Human rights in European foreign policy: success or failure for post-modern diplomacy?
Author: King, T.
Source: European Journal of International Law, Volume 10, Number 2, 1999 , pp. 313-337(25)
Publisher: Oxford University Press
Abstract:The foreign policy principles proclaimed by the Member States of the European Community in European Political Cooperation were founded upon the ideas which underpinned European integration: the abandonment of Westphalian norms and respect for human rights, democracy and the rule of law. From the Copenhagen Declaration in 1970 to the Treaty on European Union in 1992, the Member States developed certain means to promote these values, such as the submission of joint démarches and the adoption of common positions in international organizations. But the political constraints of the Cold War in general prevented the Member States from implementing vigorously the values which they endorsed. The end of the Cold War, the references to human rights and democracy in the TEU and the establishment of a Common Foreign and Security Policy with improved instruments for foreign policy cooperation raised hopes that human rights might come to play a more prominent role in European foreign policy. However, economic competition and conflicting national interests continue to restrict Europe's common foreign policy on human rights issues to declarations of concern rather than action.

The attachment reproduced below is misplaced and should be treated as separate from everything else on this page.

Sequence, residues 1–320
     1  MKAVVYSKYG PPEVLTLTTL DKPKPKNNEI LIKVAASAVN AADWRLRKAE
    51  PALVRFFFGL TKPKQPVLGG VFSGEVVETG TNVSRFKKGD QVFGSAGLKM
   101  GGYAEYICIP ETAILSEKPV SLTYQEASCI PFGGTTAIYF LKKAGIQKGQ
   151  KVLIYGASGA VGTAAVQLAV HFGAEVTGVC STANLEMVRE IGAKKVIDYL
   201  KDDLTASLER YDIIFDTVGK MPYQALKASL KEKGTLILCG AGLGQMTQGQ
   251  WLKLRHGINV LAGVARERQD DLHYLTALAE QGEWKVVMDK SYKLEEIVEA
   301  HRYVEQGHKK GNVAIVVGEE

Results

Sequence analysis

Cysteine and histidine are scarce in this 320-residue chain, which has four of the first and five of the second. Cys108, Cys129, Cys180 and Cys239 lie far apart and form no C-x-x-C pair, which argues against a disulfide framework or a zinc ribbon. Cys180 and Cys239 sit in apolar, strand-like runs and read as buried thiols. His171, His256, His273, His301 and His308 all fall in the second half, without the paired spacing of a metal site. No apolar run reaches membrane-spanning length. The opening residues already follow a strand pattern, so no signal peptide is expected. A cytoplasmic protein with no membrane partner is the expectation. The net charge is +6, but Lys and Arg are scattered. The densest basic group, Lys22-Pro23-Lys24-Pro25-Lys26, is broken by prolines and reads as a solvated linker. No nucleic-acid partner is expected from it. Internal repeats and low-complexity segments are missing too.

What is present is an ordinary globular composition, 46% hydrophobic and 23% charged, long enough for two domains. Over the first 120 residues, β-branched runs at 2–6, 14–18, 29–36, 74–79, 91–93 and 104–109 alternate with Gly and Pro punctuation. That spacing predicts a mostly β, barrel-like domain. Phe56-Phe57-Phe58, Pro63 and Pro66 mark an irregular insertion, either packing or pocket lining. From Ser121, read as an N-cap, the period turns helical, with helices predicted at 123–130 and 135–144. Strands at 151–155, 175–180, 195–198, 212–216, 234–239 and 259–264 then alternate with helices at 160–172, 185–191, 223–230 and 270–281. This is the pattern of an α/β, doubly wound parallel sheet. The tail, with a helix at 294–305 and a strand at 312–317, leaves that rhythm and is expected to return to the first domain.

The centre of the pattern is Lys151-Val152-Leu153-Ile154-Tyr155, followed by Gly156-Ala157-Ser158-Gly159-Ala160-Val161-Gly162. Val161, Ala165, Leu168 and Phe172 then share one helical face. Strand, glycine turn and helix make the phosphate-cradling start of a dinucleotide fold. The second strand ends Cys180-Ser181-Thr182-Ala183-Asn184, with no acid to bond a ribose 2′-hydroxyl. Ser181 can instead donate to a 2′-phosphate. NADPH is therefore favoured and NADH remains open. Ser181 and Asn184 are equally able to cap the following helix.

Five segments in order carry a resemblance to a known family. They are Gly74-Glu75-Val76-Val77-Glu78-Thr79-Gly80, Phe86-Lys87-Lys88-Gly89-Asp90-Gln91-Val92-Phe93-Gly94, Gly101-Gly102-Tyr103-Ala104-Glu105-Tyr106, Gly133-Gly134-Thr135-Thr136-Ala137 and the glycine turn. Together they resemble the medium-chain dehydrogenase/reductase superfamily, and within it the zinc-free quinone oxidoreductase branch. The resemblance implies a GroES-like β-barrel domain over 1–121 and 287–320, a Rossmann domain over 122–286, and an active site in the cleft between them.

Document Type: Original Article
Affiliations: Research Fellow, Institute of Advanced Studies, United Nations University, Tokyo, Japan
Publication date: 1999-01-01
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